Bassist Christian McBride does everything right every damn time. I feel like I keep writing the same glowing recommendations of his music each time he comes out with a new album, but I suppose when a musician’s work reaches the level of excellence that McBride’s consistently achieves, it pretty much eclipses the need for anything I might put down in words, anyways. Live at the Village Vanguard has him teamed up with his trio of drummer Ulysses Owens Jr. and pianist Christian Sands, performing during their annual residency at NYC’s Village Vanguard. And essential to any live recording, it’ll bring your chair right up close to the stage.
“Cherokee” has been done plenty times before. It’s a song you know and one you’ve heard before, even if you can’t name the composer or the artists who’ve reached your ear with it previously. And yet McBride’s trio lays it down like he penned it the night before the show and told his trio, hey, let’s see where this takes us. To embrace a standard and make it sound brand spanking new and exciting, that’s no small thing and it honors the songbook of jazz’s lineage as well as the audience that paid good money to hear the trio perform. A rendition of trombonist JJ Johnson’s “Interlude” hits the gas pedal as hard as they do on “Cherokee” and is no less thrilling. They keep up the brisk pace on a rendition of guitarist Wes Montgomery’s “Fried Pies,” but keep to a tighter sphere of influence on the original composition.
McBride works in some gorgeous bass arco on a rendition of “Good Morning Heartache,” a ballad most associated with Billie Holiday. It’s a beautiful rendition of a beautiful song, and the way the trio gets the blues to hang in the air thick and heavy is a nice reminder that it takes more than just dishing out fireworks on a crack live performance recording. Further evidence of this is provided by pianist Sands and his composition “Sand Dune,” a song that takes it nice and easy and has an unassuming, casual nature, yet resonates as strongly as any of the up-tempo tunes courtesy of a melody that sparkles like crazy when it sees the first hint of light and keeps on shining when soloists take it into new, exciting directions. And it’s a similar attitude applied when the trio gets up with gospel on the old-school spiritual “Down By the Riverside.”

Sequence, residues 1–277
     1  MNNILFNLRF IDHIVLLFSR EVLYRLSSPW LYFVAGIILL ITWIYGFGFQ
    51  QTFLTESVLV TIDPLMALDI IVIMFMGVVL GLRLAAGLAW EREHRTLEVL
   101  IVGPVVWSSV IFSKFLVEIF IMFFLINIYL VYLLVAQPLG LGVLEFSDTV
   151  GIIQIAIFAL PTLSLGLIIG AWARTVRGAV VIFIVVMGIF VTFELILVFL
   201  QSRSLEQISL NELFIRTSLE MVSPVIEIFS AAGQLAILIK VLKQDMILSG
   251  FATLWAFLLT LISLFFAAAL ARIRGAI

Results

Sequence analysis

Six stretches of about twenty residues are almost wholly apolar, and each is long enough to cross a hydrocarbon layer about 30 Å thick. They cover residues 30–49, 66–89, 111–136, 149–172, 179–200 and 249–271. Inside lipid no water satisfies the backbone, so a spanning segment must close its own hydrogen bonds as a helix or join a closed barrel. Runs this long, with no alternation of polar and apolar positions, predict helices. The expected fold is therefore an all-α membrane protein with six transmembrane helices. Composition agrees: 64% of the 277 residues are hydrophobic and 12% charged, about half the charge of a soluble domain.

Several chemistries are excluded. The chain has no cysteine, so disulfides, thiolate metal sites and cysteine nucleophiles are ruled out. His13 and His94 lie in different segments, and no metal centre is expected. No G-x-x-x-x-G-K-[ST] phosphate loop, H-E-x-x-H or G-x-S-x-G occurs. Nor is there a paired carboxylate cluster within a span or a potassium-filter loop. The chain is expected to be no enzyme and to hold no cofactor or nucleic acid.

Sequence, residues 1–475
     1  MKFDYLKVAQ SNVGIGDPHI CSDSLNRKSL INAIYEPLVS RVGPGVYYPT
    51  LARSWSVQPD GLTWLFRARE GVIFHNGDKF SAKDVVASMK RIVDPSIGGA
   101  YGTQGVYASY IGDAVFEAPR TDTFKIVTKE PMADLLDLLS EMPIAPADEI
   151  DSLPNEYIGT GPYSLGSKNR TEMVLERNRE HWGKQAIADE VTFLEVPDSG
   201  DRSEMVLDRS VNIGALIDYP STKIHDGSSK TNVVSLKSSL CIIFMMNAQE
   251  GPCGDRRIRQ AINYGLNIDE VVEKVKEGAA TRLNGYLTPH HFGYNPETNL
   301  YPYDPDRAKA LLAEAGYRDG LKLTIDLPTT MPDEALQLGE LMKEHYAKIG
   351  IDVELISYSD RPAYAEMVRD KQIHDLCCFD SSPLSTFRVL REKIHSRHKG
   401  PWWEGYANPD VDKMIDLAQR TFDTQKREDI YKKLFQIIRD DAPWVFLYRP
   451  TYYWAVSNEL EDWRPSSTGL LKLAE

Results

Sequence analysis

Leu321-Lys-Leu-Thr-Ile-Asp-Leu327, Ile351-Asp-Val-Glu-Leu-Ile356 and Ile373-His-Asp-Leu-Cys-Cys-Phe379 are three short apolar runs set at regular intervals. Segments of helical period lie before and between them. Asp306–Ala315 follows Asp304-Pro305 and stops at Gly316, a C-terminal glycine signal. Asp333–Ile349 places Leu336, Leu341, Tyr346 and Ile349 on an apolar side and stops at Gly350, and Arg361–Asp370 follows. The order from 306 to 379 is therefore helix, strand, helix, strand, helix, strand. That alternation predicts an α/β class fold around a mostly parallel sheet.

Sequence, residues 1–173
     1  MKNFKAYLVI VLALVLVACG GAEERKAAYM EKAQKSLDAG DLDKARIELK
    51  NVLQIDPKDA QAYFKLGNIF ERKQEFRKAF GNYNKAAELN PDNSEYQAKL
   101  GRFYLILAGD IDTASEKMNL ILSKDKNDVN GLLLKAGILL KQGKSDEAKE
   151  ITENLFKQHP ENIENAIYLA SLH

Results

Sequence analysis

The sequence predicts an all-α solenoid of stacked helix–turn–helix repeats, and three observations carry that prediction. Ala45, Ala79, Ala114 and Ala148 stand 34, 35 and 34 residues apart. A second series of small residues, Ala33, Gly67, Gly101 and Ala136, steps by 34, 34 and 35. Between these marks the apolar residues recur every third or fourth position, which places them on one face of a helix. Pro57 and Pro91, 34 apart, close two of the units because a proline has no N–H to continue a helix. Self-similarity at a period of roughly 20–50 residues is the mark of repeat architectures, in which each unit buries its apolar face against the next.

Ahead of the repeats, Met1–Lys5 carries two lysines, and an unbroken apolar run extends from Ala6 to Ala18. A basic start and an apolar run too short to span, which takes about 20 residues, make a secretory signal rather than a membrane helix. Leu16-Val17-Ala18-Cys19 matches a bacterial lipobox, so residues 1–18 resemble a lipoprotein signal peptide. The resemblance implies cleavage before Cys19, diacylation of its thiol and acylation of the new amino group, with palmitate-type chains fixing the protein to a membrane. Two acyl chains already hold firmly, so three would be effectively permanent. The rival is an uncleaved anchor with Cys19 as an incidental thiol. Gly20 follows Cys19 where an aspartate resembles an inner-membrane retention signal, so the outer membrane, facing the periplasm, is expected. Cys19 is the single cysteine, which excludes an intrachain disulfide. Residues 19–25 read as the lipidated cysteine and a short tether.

These days, it’s not unusual for a track on a new jazz recording to reference a song originating from a Michael Jackson album. These efforts tend to succeed, which is due as much to the talent pool of the modern jazz scene as it is Jackson’s unlimited talent for revealing the beating heart of a true pop song. McBride’s trio takes a nice slow spin on Thriller‘s “The Lady In My Life,” which provides a refreshing change in tempo, and also gives the trio the space to really let that melody breathe. This, however, pales in comparison to the big fun of their rendition of the theme song to the classic 1976 movie “Car Wash.” The thick groove and wide smile bring down the house and close out this excellent recording.
Your album personnel: Christian McBride (bass), Ulysses Owens Jr. (drums) and Christian Sands (piano).
Released on Mack Avenue Records.